But the issue here is not just one of fairness. It’s one of wellness. And there are serious issues that must be addressed if we want to help those identify as transgender. (I’m not speaking here about people who are intersex and who have biological or chromosomal abnormalities. I’m speaking here of people whose battle is one of the mind.)
A recent article in the Archives of Sexual Behavior titled, “Rapid Onset Gender Dysphoria: Parent Reports on 1655 Possible Cases” underscores this need, specifically for those who suddenly develop gender dysphoria in their teen years.
As the article states, “One statistically robust finding was both disturbing and seemingly important. Youths with a history of mental health issues were especially likely to have taken steps to socially and medically transition. This relationship held even after statistically adjusting for likely confounders (e.g., age). The finding is concerning because youth with mental health issues may be especially likely to lack judgment necessary to make these important, and in the case of medical transition permanent, decisions. The finding supports the worries of parents whose preferences differ from their gender dysphoric children. It is consistent with another finding of this study that parents believed gender clinicians and clinics pressured the families toward transition. The finding is particularly concerning given that parents tended to rate their children as worse off after transition.” (For the record, this journal is anything but Christian fundamentalist.)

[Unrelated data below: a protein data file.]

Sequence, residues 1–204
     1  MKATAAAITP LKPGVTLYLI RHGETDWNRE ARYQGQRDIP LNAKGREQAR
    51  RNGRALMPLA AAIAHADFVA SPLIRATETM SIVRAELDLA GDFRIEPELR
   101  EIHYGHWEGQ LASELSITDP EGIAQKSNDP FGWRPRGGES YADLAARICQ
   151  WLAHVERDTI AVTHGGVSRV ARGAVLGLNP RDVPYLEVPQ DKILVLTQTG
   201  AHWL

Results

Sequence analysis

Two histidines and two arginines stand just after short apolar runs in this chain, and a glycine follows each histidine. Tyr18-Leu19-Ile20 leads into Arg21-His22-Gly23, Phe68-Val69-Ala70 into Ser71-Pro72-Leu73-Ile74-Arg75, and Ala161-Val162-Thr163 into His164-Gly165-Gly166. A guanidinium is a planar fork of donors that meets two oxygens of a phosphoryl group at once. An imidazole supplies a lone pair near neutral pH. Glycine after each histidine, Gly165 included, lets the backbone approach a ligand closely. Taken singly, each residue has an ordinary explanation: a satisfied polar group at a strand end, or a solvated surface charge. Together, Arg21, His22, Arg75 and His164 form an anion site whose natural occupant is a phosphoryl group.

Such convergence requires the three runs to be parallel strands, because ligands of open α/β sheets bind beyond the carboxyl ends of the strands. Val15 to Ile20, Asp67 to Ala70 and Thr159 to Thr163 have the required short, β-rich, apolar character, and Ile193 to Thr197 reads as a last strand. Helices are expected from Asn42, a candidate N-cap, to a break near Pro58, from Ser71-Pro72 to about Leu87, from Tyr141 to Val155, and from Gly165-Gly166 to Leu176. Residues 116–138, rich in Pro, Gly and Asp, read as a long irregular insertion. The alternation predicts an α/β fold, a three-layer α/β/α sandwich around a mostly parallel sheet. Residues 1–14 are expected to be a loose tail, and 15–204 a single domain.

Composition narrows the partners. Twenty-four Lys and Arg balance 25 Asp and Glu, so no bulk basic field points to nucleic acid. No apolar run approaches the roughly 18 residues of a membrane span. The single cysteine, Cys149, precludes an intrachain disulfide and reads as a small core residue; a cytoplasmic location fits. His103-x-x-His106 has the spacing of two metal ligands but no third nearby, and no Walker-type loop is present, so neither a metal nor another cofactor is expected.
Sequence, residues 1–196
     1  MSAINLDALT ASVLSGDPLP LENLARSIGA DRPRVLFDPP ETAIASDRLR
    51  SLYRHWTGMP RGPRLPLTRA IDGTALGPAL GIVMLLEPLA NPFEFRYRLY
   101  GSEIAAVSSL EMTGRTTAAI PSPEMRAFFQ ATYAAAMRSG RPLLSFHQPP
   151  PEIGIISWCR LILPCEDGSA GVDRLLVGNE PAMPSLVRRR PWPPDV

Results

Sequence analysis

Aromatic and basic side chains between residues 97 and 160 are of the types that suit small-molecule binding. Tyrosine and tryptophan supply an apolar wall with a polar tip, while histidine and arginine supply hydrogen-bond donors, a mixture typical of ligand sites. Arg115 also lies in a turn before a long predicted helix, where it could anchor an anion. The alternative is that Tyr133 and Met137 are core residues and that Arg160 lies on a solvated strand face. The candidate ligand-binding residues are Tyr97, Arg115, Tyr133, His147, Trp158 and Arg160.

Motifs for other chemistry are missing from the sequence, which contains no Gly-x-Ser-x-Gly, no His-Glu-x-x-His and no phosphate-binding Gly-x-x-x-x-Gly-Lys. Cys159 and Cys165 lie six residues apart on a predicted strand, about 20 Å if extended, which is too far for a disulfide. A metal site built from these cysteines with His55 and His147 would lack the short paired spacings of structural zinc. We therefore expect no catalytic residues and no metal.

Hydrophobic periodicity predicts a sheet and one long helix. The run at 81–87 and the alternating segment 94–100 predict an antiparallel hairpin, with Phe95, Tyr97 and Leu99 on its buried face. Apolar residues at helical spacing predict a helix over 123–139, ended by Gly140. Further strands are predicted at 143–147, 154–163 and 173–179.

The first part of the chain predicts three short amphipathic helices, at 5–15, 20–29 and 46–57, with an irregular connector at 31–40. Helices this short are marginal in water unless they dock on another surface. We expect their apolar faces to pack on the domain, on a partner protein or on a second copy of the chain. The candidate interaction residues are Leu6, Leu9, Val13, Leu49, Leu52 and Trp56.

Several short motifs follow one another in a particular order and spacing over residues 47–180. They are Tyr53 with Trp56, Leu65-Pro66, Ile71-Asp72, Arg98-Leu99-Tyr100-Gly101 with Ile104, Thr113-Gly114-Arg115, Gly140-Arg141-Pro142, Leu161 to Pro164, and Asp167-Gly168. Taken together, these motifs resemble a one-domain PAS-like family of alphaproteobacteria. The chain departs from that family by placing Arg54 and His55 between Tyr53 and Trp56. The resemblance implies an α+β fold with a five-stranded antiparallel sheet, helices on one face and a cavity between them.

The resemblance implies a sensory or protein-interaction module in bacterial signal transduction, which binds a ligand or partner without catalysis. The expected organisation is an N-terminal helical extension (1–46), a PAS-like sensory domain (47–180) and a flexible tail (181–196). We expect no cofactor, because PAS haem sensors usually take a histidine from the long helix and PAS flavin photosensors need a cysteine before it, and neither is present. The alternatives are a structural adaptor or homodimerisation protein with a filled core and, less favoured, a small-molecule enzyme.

As for those who develop gender dysphoria at much younger ages, the best solution is to allow them to grow out of it, which the vast majority will, while trying to address the root causes of their struggles.
This is not hatred. This is common sense, compassion, and, from the viewpoint of an increasing number of countries, the wisest professional thing to do.
Do I believe that a disproportionate number of trans-identified people are violent? No. Do I believe that, as people, they are a special menace to society? Certainly not. Are they our enemies? God forbid. Jesus died for them the same way He died for each of us, and we must recognize that our fight is with spiritual forces, not with people (see Ephesians 6:12).
But I do believe that trans-activism, sponsored enthusiastically by the Biden administration, is a real threat to our societal stability. And, more importantly, I believe that we need to recognize that the transgender community is filled with wounded and hurting people, and even with endless affirmation and unlimited medical options, their pain will not go away.
Let’s continue to do our best to find constructive ways to help them, even as they view us as enemies, accuse of genocide, and, in some cases, threaten us with vengeance.
Dr. Michael Brown